A Quarter-Century Thrill Ride | Emeritus

Considering our sport’s relatively young age, Motorcyclist’s 100th birthday is amazing. But what shocks me as I look over my shoulder—and what makes me feel really old—is that I’ve been involved with this publication for a quarter of its life—and half of my own. That thought would have been inconceivable when I joined the Motorcyclist staff in 1985.

To kick off MC’s centennial celebration, Editor Catterson asked me to recount my favorite happenings. I told him I’d be happy to—as long as I could remember them!

Honda VF1000R 24-hour test, August ’85
I’d read a couple of Motorcyclist’s 24-hour tests, but here I was taking part, lapping Willow Springs Raceway on the beautiful-but-burly V4 Honda every few hours and watching Superbike phenom Kevin Schwantz test tires for an accompanying story. Those mammoth goose bumps remain visible today.

BMW K75 intro, September ’85
Ten days in Germany and Austria, wined, dined and Alpen-toured the whole way on BMW’s smooth and comfortable laydown triple. For a 23-year-old international-travel rookie, the trek couldn’t have been cooler.

Honda VFR world record attempt, April ’86
Honda introduces its new-think VFR750 by using it to—get this—beat the 24-hour average speed record of 128.3 mph held by Cycle World on a Suzuki GSX-R750. Fellow staffer Nick Ienatsch and I are invited to a 5-mile banked oval in Laredo, Texas, along with a handful of racer-editors. Stints are full-throttle at 160 mph for 36 minutes, from noon to midnight to noon again. Badgers and other animals are torpedoed, tires chunk at speed and the engine on the first VFR grenades after 5 hours. But we set five world records—the best of them a 143.18-mph average speed covering 3436.3 miles.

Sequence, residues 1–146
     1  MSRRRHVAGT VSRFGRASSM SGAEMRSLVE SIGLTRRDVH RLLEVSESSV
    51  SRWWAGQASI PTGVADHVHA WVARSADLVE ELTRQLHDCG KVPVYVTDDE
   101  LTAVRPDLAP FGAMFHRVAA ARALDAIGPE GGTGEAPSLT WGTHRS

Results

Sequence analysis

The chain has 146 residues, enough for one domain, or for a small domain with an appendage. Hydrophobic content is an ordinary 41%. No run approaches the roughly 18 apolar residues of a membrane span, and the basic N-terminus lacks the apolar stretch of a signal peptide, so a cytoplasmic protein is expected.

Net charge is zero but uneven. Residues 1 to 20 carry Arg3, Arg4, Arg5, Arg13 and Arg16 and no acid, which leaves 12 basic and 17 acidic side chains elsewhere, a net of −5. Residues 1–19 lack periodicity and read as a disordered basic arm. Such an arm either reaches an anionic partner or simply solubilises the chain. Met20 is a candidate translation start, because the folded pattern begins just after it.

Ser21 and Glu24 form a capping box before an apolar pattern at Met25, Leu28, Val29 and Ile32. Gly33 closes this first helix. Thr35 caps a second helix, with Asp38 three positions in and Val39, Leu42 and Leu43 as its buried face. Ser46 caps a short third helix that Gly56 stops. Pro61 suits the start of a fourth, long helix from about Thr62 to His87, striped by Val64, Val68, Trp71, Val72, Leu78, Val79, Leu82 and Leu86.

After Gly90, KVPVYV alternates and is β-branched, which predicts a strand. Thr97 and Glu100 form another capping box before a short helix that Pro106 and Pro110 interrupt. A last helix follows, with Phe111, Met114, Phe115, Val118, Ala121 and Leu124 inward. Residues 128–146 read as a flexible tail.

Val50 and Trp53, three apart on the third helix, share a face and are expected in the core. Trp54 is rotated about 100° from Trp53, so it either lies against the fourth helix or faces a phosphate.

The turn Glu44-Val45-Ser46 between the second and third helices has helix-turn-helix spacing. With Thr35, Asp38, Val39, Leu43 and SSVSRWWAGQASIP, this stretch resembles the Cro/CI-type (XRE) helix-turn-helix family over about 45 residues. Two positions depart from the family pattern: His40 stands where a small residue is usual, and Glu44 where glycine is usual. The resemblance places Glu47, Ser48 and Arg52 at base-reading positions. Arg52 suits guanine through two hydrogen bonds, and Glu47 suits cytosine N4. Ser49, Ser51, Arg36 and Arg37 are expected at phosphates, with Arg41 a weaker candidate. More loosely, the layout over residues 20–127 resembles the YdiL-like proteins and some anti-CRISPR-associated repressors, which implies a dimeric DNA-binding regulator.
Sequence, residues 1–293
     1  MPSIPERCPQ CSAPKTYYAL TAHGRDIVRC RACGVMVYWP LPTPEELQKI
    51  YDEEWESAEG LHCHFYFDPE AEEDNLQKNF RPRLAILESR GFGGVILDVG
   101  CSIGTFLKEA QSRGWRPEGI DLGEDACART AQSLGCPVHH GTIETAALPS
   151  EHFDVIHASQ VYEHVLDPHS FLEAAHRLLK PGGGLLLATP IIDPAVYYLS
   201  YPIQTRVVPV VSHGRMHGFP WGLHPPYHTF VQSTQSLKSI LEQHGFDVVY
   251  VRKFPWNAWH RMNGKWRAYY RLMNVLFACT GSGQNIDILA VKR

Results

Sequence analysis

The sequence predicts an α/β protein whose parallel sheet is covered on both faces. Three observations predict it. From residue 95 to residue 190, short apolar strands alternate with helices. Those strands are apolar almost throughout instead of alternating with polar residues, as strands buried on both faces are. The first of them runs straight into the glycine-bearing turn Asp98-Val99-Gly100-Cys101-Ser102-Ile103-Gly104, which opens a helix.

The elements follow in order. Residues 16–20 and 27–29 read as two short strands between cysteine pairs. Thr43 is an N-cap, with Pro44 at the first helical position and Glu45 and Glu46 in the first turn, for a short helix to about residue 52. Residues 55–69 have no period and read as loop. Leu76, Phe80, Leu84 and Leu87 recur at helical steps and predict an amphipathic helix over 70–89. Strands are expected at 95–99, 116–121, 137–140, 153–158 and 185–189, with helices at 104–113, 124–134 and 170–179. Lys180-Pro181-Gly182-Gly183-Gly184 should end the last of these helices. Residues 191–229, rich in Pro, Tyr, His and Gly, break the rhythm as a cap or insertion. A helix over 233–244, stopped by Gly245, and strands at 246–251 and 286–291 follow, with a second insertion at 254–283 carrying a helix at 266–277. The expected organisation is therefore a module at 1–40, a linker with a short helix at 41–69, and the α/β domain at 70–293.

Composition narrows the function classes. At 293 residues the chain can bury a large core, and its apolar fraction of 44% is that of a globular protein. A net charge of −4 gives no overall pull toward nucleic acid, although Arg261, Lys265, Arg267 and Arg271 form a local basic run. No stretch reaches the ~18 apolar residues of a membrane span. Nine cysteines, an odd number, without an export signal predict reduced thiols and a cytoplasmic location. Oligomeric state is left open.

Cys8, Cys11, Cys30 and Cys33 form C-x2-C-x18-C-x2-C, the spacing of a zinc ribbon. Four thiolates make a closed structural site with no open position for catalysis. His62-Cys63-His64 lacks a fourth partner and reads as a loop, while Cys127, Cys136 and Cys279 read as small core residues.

Honda Hurricane intro, October ’86
Honda invited editors to not only sample the new CBR600 and 1000, but also tour HRC and its Asaka R&D skunkworks. We rode the banked oval and road course, checked out the dyno rooms, ate sushi and got a glimpse into what made Soichiro’s boys so good. Being young, I didn’t fully recognize how sacred that ground was: The CB750, GL1000, CBX, V45 and VFR750F had all been developed in those rooms and on that asphalt. Getting so close to that brilliance is part of what led me to work for Honda from ’89 to ’92.

Daytona 750cc Supersport race, March ’89
My first-ever AMA National: I rode a fairly stock Suzuki GSX-R750 (only changes were exhaust, tires and suspension), finishing 13th in a packed field. Jamie James, Scott Russell and Dave Sadowski were way out front, but they didn’t lap me—a victory in itself.

Daytona vintage races, March ’95
Six years later I tried AHRMA vintage roadracing at Daytona aboard a Drixton-framed Honda 500 built by Patrick Bodden and Todd Henning. Problem was, the bike wasn’t ready by Bike Week, and an ungodly thrash ensued. Which is why it was amazing that I got third in Premier 500 behind Chuck Hunnicutt and Henning after starting from the back row.

Goodwood Revival, September ’03
You can’t get into the paddock without period (’50s-’60s) attire and a tie. Racebikes are period-only, as well: Matchless G50s, Norton Manxes, MV Agustas, Benellis, etc. Wayne Gardner and Barry Sheene were the chief attractions, but it was being able to race against “Bazza” in what would be his last-ever race that has stuck with me—he passed away three months later.

Mid-Ohio Vintage Motorcycle Days, July ’07
The idea behind MOMBA was audacious: Build an AHRMA vintage roadracer from nothing but swap-meet parts. The goal was to find a Kawasaki GPz550, but the only bike available was a KZ550 LTD. Ugh. After 48 hours of all-day and all-night wrenching, we got it on track and finished eighth, wobbling and smoking the whole way.

It's been a helluva ride!

Mitch Boehm started at Motorcyclist in 1985, and was Editor-in-Chief from '93-'07. He is now editor/publisher of Moto Retro Illustrated, a quarterly magazine covering vintage motorcycles from the ’60s through the ’80s.

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